The Fibonacci Sequence and Experies with Learning Nate Young TEDxYouthConejo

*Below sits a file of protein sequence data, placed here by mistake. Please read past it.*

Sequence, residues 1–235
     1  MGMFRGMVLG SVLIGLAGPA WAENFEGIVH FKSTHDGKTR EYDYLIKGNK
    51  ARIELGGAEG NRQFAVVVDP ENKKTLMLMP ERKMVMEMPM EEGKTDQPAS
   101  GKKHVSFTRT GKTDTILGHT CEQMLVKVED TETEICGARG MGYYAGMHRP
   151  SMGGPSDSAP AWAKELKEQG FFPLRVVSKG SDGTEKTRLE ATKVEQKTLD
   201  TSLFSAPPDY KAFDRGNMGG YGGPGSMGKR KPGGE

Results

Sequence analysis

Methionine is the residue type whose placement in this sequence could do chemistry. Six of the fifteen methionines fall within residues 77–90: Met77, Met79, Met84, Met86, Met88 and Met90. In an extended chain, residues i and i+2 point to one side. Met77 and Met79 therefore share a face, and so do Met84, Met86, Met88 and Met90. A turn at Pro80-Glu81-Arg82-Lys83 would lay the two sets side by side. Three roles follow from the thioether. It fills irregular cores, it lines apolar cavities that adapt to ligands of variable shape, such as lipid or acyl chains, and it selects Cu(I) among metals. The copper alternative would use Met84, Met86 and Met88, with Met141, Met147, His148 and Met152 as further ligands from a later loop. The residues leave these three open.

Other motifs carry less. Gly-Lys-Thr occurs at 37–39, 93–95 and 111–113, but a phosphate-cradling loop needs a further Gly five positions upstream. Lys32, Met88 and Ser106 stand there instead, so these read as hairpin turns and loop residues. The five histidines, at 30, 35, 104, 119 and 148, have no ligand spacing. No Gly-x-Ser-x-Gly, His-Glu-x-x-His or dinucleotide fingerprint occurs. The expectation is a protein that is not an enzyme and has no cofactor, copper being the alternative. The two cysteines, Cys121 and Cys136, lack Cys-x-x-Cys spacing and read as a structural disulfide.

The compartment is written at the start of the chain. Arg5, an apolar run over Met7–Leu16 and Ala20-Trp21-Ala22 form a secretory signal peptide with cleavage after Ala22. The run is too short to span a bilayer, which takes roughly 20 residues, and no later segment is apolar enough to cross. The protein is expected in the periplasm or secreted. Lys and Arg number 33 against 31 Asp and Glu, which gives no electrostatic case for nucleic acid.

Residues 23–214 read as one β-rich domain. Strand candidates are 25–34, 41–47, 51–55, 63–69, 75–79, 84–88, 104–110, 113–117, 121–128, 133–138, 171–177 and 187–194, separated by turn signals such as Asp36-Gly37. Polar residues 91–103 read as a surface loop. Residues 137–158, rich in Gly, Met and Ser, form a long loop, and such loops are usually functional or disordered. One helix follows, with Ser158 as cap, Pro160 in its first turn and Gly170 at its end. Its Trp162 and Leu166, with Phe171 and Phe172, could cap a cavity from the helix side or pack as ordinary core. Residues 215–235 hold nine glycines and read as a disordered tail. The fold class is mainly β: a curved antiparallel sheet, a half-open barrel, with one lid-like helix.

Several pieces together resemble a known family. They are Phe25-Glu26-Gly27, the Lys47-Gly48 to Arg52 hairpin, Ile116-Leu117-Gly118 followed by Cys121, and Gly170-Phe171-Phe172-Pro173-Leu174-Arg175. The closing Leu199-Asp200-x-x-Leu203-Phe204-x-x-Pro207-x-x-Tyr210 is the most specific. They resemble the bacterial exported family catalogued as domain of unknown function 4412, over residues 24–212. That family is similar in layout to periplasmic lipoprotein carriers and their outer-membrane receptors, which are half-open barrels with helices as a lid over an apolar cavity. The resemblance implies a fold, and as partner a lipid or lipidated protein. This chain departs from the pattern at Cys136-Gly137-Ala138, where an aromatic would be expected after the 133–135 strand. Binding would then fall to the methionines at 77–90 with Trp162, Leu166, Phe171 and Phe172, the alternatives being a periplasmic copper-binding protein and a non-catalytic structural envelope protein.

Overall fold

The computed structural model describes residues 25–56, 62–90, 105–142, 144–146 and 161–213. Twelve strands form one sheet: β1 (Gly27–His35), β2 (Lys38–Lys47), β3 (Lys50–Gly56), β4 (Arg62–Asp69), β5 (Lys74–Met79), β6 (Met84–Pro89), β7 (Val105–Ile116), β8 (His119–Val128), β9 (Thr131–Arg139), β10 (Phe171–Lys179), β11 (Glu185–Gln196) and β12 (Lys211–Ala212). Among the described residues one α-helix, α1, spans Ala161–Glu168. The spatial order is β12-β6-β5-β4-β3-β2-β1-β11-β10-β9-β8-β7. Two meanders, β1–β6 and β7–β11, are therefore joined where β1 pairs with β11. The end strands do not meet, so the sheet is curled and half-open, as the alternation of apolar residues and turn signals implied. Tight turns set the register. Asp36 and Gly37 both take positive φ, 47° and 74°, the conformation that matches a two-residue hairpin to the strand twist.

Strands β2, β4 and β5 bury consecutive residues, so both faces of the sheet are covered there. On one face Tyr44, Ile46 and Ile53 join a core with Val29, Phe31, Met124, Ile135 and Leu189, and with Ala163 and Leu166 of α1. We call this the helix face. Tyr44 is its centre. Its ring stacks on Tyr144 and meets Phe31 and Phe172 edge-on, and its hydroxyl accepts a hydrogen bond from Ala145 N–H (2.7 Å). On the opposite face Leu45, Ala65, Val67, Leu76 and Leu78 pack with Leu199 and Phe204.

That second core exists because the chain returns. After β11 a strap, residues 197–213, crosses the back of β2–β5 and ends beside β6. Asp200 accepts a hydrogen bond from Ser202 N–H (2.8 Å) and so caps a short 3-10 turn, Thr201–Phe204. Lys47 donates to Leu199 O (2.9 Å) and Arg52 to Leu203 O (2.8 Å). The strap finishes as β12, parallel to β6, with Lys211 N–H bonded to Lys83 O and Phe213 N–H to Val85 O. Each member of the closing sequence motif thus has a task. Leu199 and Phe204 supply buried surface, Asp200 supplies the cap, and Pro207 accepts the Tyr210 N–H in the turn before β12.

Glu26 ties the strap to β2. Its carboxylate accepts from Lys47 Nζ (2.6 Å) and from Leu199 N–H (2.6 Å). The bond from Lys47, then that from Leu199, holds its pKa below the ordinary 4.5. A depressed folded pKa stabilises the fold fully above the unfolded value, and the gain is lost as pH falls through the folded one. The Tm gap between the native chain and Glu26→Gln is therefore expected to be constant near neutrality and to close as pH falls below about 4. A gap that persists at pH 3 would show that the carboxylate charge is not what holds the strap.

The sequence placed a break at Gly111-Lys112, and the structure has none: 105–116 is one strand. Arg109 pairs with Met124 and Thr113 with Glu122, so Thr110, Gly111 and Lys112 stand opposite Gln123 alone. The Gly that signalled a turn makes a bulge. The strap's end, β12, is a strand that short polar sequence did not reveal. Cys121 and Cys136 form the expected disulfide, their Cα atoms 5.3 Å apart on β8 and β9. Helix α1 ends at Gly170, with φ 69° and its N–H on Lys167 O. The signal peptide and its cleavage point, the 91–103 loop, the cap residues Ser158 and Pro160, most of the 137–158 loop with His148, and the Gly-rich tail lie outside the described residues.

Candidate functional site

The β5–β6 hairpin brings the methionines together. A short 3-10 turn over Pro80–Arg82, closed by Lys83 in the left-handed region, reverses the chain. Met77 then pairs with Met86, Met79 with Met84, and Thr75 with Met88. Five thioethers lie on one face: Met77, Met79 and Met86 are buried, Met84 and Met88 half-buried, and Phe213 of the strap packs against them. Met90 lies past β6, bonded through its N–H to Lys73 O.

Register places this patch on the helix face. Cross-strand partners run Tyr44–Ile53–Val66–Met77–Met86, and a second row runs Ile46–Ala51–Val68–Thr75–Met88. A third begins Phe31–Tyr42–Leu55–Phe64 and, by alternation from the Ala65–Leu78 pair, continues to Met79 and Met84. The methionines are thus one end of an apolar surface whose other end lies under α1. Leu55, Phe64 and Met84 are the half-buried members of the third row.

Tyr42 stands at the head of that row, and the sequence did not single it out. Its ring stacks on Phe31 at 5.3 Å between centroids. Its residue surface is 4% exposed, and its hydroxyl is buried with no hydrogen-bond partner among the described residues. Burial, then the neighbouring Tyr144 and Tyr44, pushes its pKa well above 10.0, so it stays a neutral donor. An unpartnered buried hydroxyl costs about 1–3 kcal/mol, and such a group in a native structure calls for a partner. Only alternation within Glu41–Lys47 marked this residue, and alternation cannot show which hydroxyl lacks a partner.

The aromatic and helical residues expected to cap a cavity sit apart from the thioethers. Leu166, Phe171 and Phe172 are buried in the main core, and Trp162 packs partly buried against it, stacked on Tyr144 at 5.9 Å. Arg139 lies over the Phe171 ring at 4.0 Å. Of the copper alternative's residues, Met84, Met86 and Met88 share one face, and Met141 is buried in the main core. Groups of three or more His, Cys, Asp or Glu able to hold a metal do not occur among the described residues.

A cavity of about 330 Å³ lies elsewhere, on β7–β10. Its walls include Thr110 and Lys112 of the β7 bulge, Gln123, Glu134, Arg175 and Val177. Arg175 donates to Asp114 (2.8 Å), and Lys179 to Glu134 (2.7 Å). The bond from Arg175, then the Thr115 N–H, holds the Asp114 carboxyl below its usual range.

before I start I just want to say this is going to be a lot of math and if math tends to put you to sleep I'm sorry and sweet dreams but what I want to talk about today is as you can see the Fibonacci sequence and I want to talk about a few of my experiences with it and what those experiences have led me to believe what they have let me learn about learning itself and about the learning process now many of us here probably know what the Fibonacci sequence is if you don't here it is now you do congratulations a lot of us know how to get the Fibonacci sequence how its defined if you don't here it is now you do congratulations it's the sequence that begins 1 1 or 0 1 depending on who you ask and continues where every number is the sum of the two before it so 0 plus 1 is 1 1 plus 1 is 2 2 plus 3 is 5 etc and what I what I think about learning this is the first this is the first learning point I want to touch on is if you want to learn something you have to be interested yourself you have to be motivated to learn you have to be intrinsically motivated to learn and there's no end of reasons why the Fibonacci sequence is interesting and why people would want to learn about it there are a lot of mathematical properties for the Fibonacci sequence here's the first one I want to talk about Pascal's triangle is used to to expand binomial so if you have X plus y cubed you can see that the the four numbers on the bottom there 1 3 3 1 those correspond to a certain row of Pascal's triangle and that's what it's used for but if you take the shallow diagonals of it as you can see in the picture those those shallow diagonals if you add up all the numbers they will give you the numbers at the Fibonacci sequence another mathematical property the cassini and Catalan identities the Ksenia he says that for any three consecutive terms in the Fibonacci sequence say three five eight if you multiply the outer two and then you square the beginner one they will differ by exactly one so 3 times 8 is 24 5 squared is 25 they will differ by exactly one no matter what three consecutive terms you pick Zeckendorf theorem says that any natural number you can think of any natural number can be arrived at by adding up different Fibonacci numbers without repeating any so say you want to make a hundred eighty nine plus eight plus three 102 89 plus eight plus three plus two etc any any number can be arrived at in this way and in addition to these mathematical properties which certainly interest me a lot of people are interested in the Fibonacci sequence for their natural properties the seeds in the petals of flowers here you can see that they're arranged in a way that can be modeled by the Fibonacci sequence and using a few of its properties that's the model right there in the bottom left the branching of trees and leaves if you have a tree oftentimes the number of branches at a certain level will correspond to the Fibonacci sequence and if you have say a certain type of plant that has has eight leaves on it to go around in a spiral oftentimes that spiral will wrap around the plant itself five times and it's common for for these to both be Fibonacci numbers I skipped one but there it is in nature this is actually this is actually how Fibonacci originally described the sequence with the breeding of these idealized rabbits there's one pair of rabbits and then they mature and they produce another pair who in turn mature and produce another pair and these are of course very idealized none of them can ever die all of them produce exactly one every every one pair every turn they all produce the they all produce more rabbits at exactly the same time and you run into all kinds of entertaining genetic diversity problems but it's interesting that this is the way it was originally described and then it works like this for a number of different animals and finally pineapples and pinecones the spirals of them you can see Fibonacci numbers and those for example in the you know in the number of different ways that you can see a spiral and a pineapple or the number of spirals that you can see on a pinecone but the main the main fibonacci property that my talk is focusing on is this one Phi Phi is a number it's one point six one eight or there abouts it's an irrational number and it's one plus the square root of five over two and the reason it's important is because it's the solution to both these equations x squared equals x plus one and one over x equals X minus one and it is also the converging ratio of the Fibonacci sequence so if you go out to the infinity of number of the Fibonacci sequence it's a never-ending sequence but if you take an infinity at number and you divide it by the one before it you will be left with fine and that's what really interested me is that this number which is interesting in its own right which is important in many branches of mathematics and which seems to be the human standard for aesthetics is such an important number to such an important sequence and here's where I want to talk about my experience because what I did once was I wrote a program on my calculator to get Phi given the Fibonacci sequence and there's this very interesting graph that it traces about where where the ratio gradually approaches fine but then I turned it around and instead of multiplying instead of dividing the numbers I multiplied them and in that case you are left with a completely different sequence since you're multiplying the consecutive terms and it's 1 times 1 is 1 1 times 2 is 2 2 times 3 is 6 etc and what really struck me about this was that the converging ratio of that sequence is Phi squared and if you do it again it's Phi to the 4th and then again its Phi to the 8th and if instead of multiplying two terms together you multiply three it's fight of 1/3 and then fight ix and that's what i thought was interesting because in effect this is like squaring the sequence you're not actually squaring the sequence but it's similar and the converging ratio is squared now it turns out that this in itself is not particularly profound the fact that this is true for any sequence with the conversion ratio is short enough that you can fit it on a PowerPoint slide and I did but this is the first of three major learnings through major discoveries that I that I had visited just the first of them and what I want to say is what if what if I haven't come up with this on my own what if we had been taught this in school what if I had taken some class and they had either shown us this proof or you know even just given it to us which is common or even if we had gone through it step-by-step in class where I've continued what I have learned as much as I did what I have been interested in it I don't think so I think that in if you want to really learn something and if you want to learn a lot you have to be interested you have to be interested in it of your own accord the second thing is that the sum of the squares so let's say you square the Fibonacci sequence 1 1 4 9 25 64 and you take the sum of all of the numbers in that sequence up to a given point you'll be left with 1 2 6 15 40 104 that's the same sequence as if you multiply consecutive terms together and that's something that only happens with a Fibonacci sequence and this is actually well known this I could have been taught in the classroom if I had taken a class on mathematical sequences are on the Fibonacci sequence itself I probably would have been taught this but it's because I wasn't that I was able to really understand the thinking behind it and the way it works is because I was interested in to myself and I was intrinsically motivated but the last one and this is where where I really found something interesting is an explicit formula explicit formula is a something that use the number of the term so for the Fibonacci sequence it's based on the two before it if you need to find the hundredth term you need to have the 99th and the 98th if you need to find the 99th you have to have to have the 98th and the 97th and you can see where this is going an explicit formula all you need to know it is that it is the term 100 and there is an explicit formula for the Fibonacci sequence it's called Benes formula and what I did is I said about using Benes formula to have an explicit formula for any of these sequences any sequence where it's where it's been multiplied together and there it is it's it's rather long but it's it works and it's for these for these sequences a which you see up at the top there is the number of times that you've multiplied these terms together so if it's 0 is just the Fibonacci sequence if it's 1 you multiplied it once and it's 2 twice and you can see that the the converging ratio is followed that pattern but the real real interesting thing the really interesting thing that I want to touch on is if you look at the the exponents of the numerator there they follow this pattern it it's lowercase a or whether it's a in a subscript capital C 1 and a subscript capital C 2 etc and the reason that that is entertaining is that as the eighth row or row a of Pascal's triangle and in a way that's interesting because in a way it makes sense usually for Pascal's triangle you're adding it together a bunch of terms and each term is multiplied by a coefficient that you're given by Pascal's triangle but here you're multiplying together a bunch of terms and each of them is raised to a power and you're given that power by Pascal's triangle and this is not something I would have expected to see here even though it makes sense I never expected to find it here and that's why I say that if you learn enough and you're intrinsically motivated to learn and you're interested and you learn you learn enough and you keep learning you might just learn something that you already knew thank you